I've been a prof for 10 years and the only reason I would suggest teaching is if you LOVED IT. Now, it's possible you will. Honestly you don't know if you want to teach UNTIL YOU TEACH.Lots of people I went to grad school with thought they wanted to teach until they had to deal with real flesh and blood students. That was the end of the teaching dream for them, for me, it was the beginning. I'm totally with foursentences on spending time in a classroom with kids perhaps as a volunteer or an aide.

If you're hellbent on teaching, I would suggest you look into emergency certification. Many states desperate for teachers (including the one I live in) offer this option. With an emergency cert, you wouldn't have to spend a lot of money on a degree for a job you're not sure you want.
posted by miss-lapin at 10:38 PM on October 14, 2010


Teacher here. I'd definitely get in some classrooms before you decide to proceed. I wouldn't only volunteer, though; the time you're there is too short to get a sense of the whole day. If possible, you should substitute teacher for a bit at different levels to see how you like it.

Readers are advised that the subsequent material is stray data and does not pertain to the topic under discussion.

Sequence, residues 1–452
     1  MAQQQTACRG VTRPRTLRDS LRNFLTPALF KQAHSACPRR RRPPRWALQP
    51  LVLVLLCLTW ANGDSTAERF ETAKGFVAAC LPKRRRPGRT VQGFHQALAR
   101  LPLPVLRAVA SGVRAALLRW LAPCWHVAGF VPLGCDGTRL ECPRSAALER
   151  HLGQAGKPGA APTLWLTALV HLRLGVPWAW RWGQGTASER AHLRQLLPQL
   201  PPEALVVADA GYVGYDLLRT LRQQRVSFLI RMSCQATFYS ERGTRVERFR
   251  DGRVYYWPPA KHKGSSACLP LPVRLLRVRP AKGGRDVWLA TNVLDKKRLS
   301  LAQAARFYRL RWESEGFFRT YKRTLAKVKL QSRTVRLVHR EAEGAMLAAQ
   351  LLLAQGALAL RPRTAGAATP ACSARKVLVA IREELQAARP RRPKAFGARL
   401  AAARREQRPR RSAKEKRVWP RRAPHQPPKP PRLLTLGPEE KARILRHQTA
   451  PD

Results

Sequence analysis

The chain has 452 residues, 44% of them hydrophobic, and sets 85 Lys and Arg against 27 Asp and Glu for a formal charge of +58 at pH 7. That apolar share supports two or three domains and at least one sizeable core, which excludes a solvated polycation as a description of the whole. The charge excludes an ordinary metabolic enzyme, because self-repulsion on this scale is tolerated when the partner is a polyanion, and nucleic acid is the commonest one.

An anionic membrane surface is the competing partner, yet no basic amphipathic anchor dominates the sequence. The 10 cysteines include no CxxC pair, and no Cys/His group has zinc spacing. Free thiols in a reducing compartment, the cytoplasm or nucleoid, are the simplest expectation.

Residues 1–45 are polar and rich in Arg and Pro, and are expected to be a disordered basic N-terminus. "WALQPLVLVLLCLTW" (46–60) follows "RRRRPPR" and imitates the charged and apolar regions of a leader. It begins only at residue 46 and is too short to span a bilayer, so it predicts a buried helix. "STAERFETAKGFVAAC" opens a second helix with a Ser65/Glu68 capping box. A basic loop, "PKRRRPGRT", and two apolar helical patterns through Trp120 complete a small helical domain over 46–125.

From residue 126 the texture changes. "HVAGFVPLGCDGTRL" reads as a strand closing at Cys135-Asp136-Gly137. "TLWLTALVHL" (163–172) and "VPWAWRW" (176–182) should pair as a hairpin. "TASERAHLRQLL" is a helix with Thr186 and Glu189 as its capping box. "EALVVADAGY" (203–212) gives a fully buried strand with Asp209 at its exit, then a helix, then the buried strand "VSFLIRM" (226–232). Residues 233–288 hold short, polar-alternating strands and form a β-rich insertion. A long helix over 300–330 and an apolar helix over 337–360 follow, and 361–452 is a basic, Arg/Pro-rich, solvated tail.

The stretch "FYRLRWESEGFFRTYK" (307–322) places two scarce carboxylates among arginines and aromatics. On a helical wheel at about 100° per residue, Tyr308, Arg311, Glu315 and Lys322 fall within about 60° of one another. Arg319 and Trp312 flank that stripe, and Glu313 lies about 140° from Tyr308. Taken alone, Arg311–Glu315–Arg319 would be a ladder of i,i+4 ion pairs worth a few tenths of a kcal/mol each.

If you decide it's for you, next check with your state's certification board. Here in Massachusetts if you have an undergraduate degree you can get Preliminary certification and a waiver to teach while you get your Master's degree (it's good for 2 years). It may be the same where you are.

Something to consider if you can't get a teaching job but still want to go for it is to get a job as a paraeducator (tutor, instructional assistant, etc.); you work hands-on with the kids but there's less responsibility and there's no take home work. It's a foot in the door.

You can simultaneously take your classes to become fully certified. You'll have to take your state's standardized teaching tests (here in Massachusetts most people fail at least one of the required tests multiple times before passing which can delay certification for up to a year or more), and most states require the Praxis tests, which are also very challenging. It will be an exhausting process if you're a first year teacher and also going to grad school. You'll be working from 7am to probably 9 or 10 pm daily.

One last practicality: most district's pay is based on experience in that district combined with your level of education and it can be *very* hard to get hired with a Master's and no teaching experience because you cost too much and have no track record. So there's that to consider.
posted by dzaz at 2:24 AM on October 15, 2010


**One more thing: if you're passionate about teaching, then it's the greatest job ever. Seriously. Do it.